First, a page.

In recent years, the topic of workplace bullying has garnered growing public awareness, especially when it falls under the headings of sexual harassment or religious, ethnic, age or racial discrimination. Unchecked, it can hurt an employer’s bottom line by increasing turnover, undermining safety and eroding productivity.
While bullying has been on employers’ radar largely stemming from sexual harassment and racial discrimination complaints, expect the issue to face greater attention in the future because of the June Supreme Court decision outlawing discrimination against LGBTQ employees.
Even before that decision, a sting of cases had been successfully prosecuted by the U. S. Equal Employment Opportunity Commission (EEOC) and upheld by federal courts where employers had allowed bullying by fellow workers of men who were harassed for appearing too feminine, and women who appeared to be too masculine for the liking of their peers.
A survey conducted by Monster, the global online employment service, found that about 90% of workers reported they have been bullied at their place of employment. In addition, 51% said they were bullied by their boss or manager, while 39% reported that they had been bullied by co-workers.
Another 4% of those polled said the perpetrator was someone other than a co-worker, such as a client or customer. This is a phenomenon that has surfaced more often in recent years regarding sexual harassment complaints and has risen to such a level of concern where it has been incorporated into sexual harassment regulations and employer anti-harassment policies.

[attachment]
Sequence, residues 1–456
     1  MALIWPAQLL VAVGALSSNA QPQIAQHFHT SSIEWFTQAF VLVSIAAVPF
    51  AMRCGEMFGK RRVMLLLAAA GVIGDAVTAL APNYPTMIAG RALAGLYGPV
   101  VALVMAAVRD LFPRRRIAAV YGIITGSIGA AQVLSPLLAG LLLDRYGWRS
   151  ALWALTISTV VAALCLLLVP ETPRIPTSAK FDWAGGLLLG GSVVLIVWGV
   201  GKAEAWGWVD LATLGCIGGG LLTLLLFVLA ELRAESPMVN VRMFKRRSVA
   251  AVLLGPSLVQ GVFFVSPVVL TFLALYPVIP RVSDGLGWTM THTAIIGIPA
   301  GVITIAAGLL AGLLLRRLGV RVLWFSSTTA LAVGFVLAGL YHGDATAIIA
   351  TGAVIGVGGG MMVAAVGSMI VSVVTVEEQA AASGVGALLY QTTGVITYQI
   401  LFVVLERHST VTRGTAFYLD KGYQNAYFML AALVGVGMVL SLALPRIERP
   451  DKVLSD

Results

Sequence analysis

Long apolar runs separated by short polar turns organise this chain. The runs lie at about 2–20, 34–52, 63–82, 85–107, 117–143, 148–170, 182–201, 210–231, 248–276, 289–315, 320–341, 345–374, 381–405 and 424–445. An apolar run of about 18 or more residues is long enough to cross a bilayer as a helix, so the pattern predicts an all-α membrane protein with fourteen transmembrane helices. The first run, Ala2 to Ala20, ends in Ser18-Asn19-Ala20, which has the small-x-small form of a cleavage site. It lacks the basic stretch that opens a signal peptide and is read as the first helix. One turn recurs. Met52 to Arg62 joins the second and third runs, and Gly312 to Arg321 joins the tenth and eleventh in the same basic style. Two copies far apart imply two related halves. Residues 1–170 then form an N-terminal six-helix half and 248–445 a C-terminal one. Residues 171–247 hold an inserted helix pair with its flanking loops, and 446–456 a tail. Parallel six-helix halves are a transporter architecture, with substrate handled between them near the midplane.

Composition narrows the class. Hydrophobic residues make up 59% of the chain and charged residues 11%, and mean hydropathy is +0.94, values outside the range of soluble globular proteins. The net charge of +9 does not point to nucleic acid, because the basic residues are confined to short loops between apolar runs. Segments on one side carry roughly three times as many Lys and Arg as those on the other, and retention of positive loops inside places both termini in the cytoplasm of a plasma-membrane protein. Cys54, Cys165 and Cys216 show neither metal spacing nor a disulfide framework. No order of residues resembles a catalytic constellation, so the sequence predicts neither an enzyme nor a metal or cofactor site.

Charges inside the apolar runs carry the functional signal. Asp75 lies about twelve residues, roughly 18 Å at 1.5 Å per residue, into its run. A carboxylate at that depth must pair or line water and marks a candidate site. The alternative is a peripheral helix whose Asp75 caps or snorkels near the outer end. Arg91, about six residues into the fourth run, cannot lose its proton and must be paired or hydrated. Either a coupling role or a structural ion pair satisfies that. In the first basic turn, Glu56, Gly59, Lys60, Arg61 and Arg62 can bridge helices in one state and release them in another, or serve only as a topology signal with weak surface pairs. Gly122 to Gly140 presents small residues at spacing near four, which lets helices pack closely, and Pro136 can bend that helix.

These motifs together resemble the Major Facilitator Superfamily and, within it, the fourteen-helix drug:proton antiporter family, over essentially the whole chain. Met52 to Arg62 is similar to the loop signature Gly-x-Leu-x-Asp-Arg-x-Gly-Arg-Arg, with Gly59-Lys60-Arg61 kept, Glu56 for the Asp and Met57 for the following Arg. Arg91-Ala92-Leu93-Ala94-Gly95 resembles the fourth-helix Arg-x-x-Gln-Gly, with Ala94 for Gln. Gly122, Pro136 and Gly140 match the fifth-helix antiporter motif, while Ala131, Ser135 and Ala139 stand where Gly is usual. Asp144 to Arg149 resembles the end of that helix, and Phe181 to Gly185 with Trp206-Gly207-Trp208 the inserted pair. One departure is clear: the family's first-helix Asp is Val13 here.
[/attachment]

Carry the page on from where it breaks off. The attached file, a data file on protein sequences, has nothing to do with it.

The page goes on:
In spite of the prominent role played in workplace bullying by sexual harassment, research shows that while male perpetrators predominantly target women (65%), many men also choose to target other men (35%), and 33% of female bullies target other women.
Repeated bullying can trigger physical, mental and emotional health problems, such as high blood pressure, difficulty sleeping, stress, anxiety and depression, note attorneys Setareh Ebrahimian and Holly Wintermute of the Fisher Phillips law firm. “When the victims are your employees, that translates to low productivity, absenteeism and poor morale. Bullying also compromises employee judgment and creates safety risks, because when workers are bullied, they are more likely to forget safety procedures.”
The direct financial impact can be measured in high turnover. According to the Monster survey, 65% of workplace victims chose to leave to avoid further mistreatment, quit when conditions worsened, or were terminated by their employers. Making matters worse for employers, the bad publicity stemming from sexual or racial bullying in today’s highly charged “cancel” culture also can cost the employer dearly in reputation and sales.
“It is important to acknowledge that your human resources team and leadership group might not always be able to stop bullying, but you certainly can curb it,” Ebrahimian and Wintermute tell employers. “Like most problems in the workplace, a critical step in addressing bullying in the workplace is training. You should provide training for all employees to help recognize and address bullying.”
Make sure all employees know how to report complaints and supervisors know what to do when they receive one. Victims and witnesses should have multiple avenues available for reporting bullying and an anonymous reporting system is a good way to encourage that.
“You must also show your commitment to addressing bullying by fully and swiftly investigating reports regardless of the severity of the complaint. You cannot ignore complaints from employees you deem overly sensitive,” the Fisher Phillips attorneys warn. When bullying is found to have occurred, enforce the consequences, whether they are in the form of an apology, written warning, suspension, or even termination.
Finally, an employer must have an anti-bullying policy and make sure both new and current employees acknowledge receiving and having reviewed it, Ebrahimian and Wintermute stress.